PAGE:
The quarter century of work by the French medieval ensemble, Ensemble Organum, and their director, Marcel Pérès has positioned them as leading interpreters of early liturgical repertories; among interpreters, their renditions assert a high degree of distinctiveness and character. »

12 Sep 2007

La Bohème x3

On stages all over the world, most any night of the year, poor Parisian Mimi hacks her way into oblivion, while her sometime lover cries out her name in hysterical despair. »

11 Sep 2007

VIVALDI: Dixit Dominus

In 2005 the Australian musicologist Janice Stockigt made the case that several works attributed to Baldassare Galuppi in the Saxon State and University Library (Dresden) were really the works of Antonio Vivaldi. »

10 Sep 2007

MONTEVERDI: Madrigals (Book 5)

This installment in the ongoing series of Monteverdi madrigal recordings from Marco Longhini and Naxos presents distinctive performances of works that lie close to the heart of the early baroque style. »

10 Sep 2007

BACH: St. Matthew Passion (Excerpts)

There is much to admire in Masaaki Suzuki’s Bach performances with the Bach Collegium Japan, and this recording of excerpts from the St. Matthew Passion will remind the listener of the diverse ways in which this is so. »

07 Sep 2007

SMETANA: The Bartered Bride

As an audio-recording, Supraphon's set of Bedrich Smetana's The Bartered Bride conducted by Zdeněk Košler deserves the highest recommendation. »

07 Sep 2007

JANÁČEK: Katja Kabanowa

A series of historic recordings comes from Profil/Edition: Günter Hänssler, and from those a subset of Staatskapelle Dresden performances brings opera fans a remarkable document. »

07 Sep 2007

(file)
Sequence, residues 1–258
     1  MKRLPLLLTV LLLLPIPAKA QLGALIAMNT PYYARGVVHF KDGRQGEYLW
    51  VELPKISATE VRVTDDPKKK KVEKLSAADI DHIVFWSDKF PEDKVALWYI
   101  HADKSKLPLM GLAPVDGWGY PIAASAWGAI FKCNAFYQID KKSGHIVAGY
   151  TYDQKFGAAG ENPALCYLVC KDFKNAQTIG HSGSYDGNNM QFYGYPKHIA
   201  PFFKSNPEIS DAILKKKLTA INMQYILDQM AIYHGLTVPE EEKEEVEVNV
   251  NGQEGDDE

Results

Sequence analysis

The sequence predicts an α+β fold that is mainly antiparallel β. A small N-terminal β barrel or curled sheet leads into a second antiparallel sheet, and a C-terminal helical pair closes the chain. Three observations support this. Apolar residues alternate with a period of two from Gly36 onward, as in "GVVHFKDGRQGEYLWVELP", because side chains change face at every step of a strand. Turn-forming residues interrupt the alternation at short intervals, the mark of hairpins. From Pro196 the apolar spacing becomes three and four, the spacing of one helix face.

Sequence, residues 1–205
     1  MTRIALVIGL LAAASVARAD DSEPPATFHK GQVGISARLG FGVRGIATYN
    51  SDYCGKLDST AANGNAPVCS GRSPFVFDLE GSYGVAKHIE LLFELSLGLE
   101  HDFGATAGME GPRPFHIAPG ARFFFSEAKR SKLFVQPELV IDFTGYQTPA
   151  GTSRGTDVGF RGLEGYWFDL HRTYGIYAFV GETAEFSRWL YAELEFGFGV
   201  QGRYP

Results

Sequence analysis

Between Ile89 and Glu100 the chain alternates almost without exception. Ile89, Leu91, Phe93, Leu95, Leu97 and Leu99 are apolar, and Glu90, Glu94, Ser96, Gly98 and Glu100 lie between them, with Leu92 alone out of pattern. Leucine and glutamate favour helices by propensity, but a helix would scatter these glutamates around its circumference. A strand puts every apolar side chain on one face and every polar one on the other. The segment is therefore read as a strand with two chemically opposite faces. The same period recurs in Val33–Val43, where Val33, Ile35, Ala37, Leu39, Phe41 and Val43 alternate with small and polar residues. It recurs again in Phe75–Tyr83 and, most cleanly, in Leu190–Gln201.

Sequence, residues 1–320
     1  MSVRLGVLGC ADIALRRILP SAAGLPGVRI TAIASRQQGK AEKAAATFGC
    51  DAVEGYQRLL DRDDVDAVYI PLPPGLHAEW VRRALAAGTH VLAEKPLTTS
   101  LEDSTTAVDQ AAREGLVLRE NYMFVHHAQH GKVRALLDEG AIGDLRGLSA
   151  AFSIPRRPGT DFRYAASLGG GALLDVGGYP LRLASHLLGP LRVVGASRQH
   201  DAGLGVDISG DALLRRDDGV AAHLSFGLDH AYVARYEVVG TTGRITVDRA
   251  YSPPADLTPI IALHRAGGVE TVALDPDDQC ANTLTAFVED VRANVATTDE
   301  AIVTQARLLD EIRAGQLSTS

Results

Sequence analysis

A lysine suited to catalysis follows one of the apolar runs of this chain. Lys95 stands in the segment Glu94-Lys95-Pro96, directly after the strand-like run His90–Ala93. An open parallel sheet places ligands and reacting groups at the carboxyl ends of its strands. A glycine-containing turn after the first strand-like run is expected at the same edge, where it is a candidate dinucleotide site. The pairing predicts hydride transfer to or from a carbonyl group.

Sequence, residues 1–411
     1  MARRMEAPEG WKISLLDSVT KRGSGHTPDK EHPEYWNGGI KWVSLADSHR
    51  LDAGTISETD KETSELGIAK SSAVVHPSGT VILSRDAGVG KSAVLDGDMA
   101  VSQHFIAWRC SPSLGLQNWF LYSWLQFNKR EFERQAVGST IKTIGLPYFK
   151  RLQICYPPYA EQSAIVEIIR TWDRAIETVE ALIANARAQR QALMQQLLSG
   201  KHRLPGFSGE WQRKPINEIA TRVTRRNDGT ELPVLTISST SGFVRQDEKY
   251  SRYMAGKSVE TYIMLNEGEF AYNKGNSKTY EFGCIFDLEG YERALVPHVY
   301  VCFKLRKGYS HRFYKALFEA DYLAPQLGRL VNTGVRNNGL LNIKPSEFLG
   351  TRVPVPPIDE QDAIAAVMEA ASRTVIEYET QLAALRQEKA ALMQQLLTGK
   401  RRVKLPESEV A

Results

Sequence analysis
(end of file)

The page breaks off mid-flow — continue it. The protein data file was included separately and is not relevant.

Teresa Berganza Live in Concert

Here's another in a series of televised recitals from Lugano, Switzerland to have appeared on DVD. »

07 Sep 2007

Kiri Sings Karl: Songs of Mystery & Enchantment

Alban Berg's Wozzeck takes almost two hours to induce a sense of soul-crushing nausea and despondency. Kiri Sings Karl achieved that for your reviewer in a couple minutes, and then went on with terrifying, torturous efficiency for almost another hour. »

07 Sep 2007

VERDI: Otello

Director Willy Decker's outstanding Traviata from Salzburg, with Anna Netrebko and Rolando Villazon, is one of the great contemporary opera DVDs. »

07 Sep 2007

Aspen premieres forgotten Cavalli work

A husky baritone in Speedos on a motor scooter and a buxom, purple-wigged Dame Edna drag clone — the Aspen Opera Theater Company’s staging of Francesco Cavalli’s 1667 “Eliogabalo” was off to a start that promised to equal the program’s over-the-top staging of the composer’s 1649 “Giasone” two summers ago. (AOTC director Edward Berkeley raised the curtain on that Baroque potboiler to a biker Amor on a Harley.) »

06 Sep 2007

STRAUSS: Elektra

Among the available videos of Richard Strauss’s Elektra, the recently released DVD of the live broadcast from 16 February 1980 stands out for capturing the exciting of an all-star international cast that included the famous Birgit Nilsson in the title role. »

05 Sep 2007

Netherlands Opera — New Wine in Old Bottles

The unmistakable fanfare that opens Monteverdi’s seminal L’Orfeo rang out from the top of the crowded foyer of the Netherlands Opera in Amsterdam last Friday night to signal not only the start of the opera, but also the opening night of their celebratory 2007 Monteverdi Cycle. »

02 Sep 2007

The Pleasures of Presence — The Small Loudspeakers of Richard Sequerra

In the long ago, when the best source of music reproduction in the home was a handsome piece of furniture, fitted with hidden audio components, and usually called radio-phonographs, my family had one — from Avery Fisher I believe — that had among its controls a switch labeled ‘presence.’ »

28 Aug 2007